Strausses shine brightly in Yende’s second-half tour de force

Thu Dec 05, 2019 at 2:30 pm
Soprano Pretty Yende performed a recital with pianist James Baillieu Wednesday night at Zankel Hall. Photo: Kim Fox

In the last several years, few sopranos have risen as quickly as Pretty Yende. Coming into her own as a bel canto superstar, the South African soprano has anchored a number of revivals at the Metropolitan Opera, and the company has invested energy in helping to build her public image as a marquee talent. It was a bit of a surprise, then, that her Carnegie Hall recital on Wednesday night was presented downstairs in the smaller Zankel Hall, and not up in the main auditorium.

It’s only fair to note at the start that throughout a long first set, Yende had to contend with the shrill cry of an angry hearing aid. She did not appear visibly bothered by the noise, but it was loud enough that at the first break, a listener in the front row turned around and made an impassioned plea for the rest of the audience to check their devices.

With that caveat, the first half of Wednesday’s recital did not show Yende at her best. Zankel’s cold acoustic can be hard on sopranos to begin with, and there was a sense in Wednesday’s recital that Yende was trying to rein in her powerful instrument so as not to overwhelm the 600-seat hall.

She had trouble controlling her tone as a result, though in the Schumann set that opened the program she made up for it with exquisite shaping. Yende couldn’t find much warmth in “Der Nussbaum,” but the bright, cheery “Schmetterling” was right in her wheelhouse, flattering the lemony tone and lively energy of her soprano. In “Waldesgespräch” she found two distinct voices, giving Lorelei a dark warmth to contrast with the sharper declamation of the rider. 

A series of works by Donizetti were, surprisingly, more of a struggle. “Il barcaiuolo,” the first of three selections from Nuits d’été à Pausilippe, was stylistically dry and her pitch drifted substantially flat. “Que n’avons-nous des ailes,” an aria from the revised French version of Lucie de Lammermoor, was competent overall but did not feel so effortless as Yende usually does in bel canto rep.

Coming out of the intermission (in a shimmering gold-and-purple dress that earned a second round of applause), Yende found her vocal control again, and was brilliant in the remainder of the program. Three songs by Paolo Tosti combined Italian passion with tasteful restraint, graceful yet vivid. Especially impressive was “Malìa,” an enchanting troubadour song delivered in lively phrases, at once elegant and seductive.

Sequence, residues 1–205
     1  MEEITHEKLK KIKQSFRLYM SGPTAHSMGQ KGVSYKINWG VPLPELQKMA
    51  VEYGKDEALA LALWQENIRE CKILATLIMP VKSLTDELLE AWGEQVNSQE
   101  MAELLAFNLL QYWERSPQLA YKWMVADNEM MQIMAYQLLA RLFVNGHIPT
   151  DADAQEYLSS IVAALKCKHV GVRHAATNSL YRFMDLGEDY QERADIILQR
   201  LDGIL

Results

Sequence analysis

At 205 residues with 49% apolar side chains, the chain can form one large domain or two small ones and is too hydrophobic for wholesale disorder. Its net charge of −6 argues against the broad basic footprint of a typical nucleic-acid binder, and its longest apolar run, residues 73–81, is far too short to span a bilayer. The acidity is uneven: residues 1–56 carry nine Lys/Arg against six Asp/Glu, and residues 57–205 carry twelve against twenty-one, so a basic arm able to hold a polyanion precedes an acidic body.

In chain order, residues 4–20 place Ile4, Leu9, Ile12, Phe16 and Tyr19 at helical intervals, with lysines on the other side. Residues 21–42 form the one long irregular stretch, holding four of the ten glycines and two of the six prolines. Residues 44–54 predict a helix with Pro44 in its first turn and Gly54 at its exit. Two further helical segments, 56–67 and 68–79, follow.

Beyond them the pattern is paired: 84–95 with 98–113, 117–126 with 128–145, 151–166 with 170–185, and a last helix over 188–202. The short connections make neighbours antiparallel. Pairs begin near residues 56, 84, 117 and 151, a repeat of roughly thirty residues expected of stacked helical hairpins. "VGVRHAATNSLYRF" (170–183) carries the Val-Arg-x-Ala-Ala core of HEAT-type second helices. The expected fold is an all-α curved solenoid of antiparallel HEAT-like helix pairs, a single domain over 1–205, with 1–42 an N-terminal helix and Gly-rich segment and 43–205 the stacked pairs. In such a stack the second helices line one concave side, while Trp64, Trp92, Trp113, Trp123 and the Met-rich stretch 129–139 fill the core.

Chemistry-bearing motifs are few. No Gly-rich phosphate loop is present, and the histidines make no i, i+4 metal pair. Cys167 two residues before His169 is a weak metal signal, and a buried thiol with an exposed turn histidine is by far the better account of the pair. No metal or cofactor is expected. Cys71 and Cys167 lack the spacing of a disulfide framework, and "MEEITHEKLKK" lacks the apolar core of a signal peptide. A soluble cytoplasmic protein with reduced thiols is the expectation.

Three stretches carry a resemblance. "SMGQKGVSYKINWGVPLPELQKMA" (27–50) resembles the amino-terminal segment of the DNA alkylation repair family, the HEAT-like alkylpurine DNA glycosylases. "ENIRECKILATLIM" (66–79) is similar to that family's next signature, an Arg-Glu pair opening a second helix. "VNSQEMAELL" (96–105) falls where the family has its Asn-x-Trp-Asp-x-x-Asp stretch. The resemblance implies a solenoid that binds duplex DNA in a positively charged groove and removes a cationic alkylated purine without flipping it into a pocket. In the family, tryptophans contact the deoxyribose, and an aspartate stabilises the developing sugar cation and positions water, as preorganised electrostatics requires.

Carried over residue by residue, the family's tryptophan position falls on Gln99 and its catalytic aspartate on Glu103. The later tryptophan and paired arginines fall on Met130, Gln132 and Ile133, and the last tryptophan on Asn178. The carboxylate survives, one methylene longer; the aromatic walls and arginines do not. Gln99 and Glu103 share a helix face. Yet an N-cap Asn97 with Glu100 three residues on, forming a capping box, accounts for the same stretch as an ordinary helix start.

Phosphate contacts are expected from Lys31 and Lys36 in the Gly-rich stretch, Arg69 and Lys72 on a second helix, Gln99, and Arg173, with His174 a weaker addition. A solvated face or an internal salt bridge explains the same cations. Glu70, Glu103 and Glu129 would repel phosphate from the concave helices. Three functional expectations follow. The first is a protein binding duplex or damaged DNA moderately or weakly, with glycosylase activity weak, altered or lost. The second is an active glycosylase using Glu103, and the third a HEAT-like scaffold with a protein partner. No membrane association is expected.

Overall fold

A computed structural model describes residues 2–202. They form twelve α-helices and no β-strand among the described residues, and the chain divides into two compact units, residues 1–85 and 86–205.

In her Richard Strauss set, Yende proved she has all the maturity subtle artistry to succeed in lieder repertoire: her “Zueignung” presented a perfect distillation of heroic love, with confident, firm diction and warm, radiant tone. “Cäcilie,” the last of the set, was magnificent, with a driving excitement in her middle voice, and shining gold at the top.

Yende’s partner for this recital, fellow South African James Baillieu, was extraordinary, showing all the makings of an exceptional vocal accompanist: his vivid playing never upstaged his partner, and he followed her beautifully, his choices responding to hers in real time. 

Baillieu brought a gorgeous variety of tone and natural freedom in his phrasing: he offered a gossamer touch in “Der Nussbaum,” dreaming sighs in Donizetti’s “Le crépuscule,” and rippling breezes in Tosti’s “Aprile.” In Strauss’s “Zueignung” he played with concerto-like virtuosity, contrasting with the airy glitter of “Ständchen.” If Wednesday was indicative of his usual playing, Baillieu might become one of the few pianists to achieve real fame as a vocal accompanist.

The scheduled program ended with a piece tailor-made for Yende’s voice: Rosalinde’s Csárdás from Die Fledermaus. Her tone showed a rich, burning warmth, and her comic instincts stood out in the mock melancholy of the slow verse. Then, singing at full power, she luxuriated in the characteristic burning gold of her voice, bringing bright sound and irresistible, playful energy to the delirious whirl of the dance.

A set of three encores began with sun-kissed warmth and melting, rich tone in Tosti’s “A Vucchella” and ended in the tender coos of “Thula Baba,” a traditional South African lullaby.

The second encore was “Una voce poco fa,” Rosina’s big aria and cabaletta from Il barbiere di Siviglia. Here Yende showed laser focus in her voice, astonishing coloratura, pitch-perfect intonation, and complete stylistic ease. It was especially interesting to think back to her performance of the same aria at the Metropolitan Opera a couple of years ago, for comparison. This time around, she reined in some of her ornamentation, without losing any excitement in her interpretation. But even her more adventurous or unorthodox choices were carried off with an effortless grace that has come with experience. 

Even after a slow start, this recital proved to be a tour de force for a young soprano whose arc is still ascending. Next time she sings at Carnegie, they’d better book the big hall.

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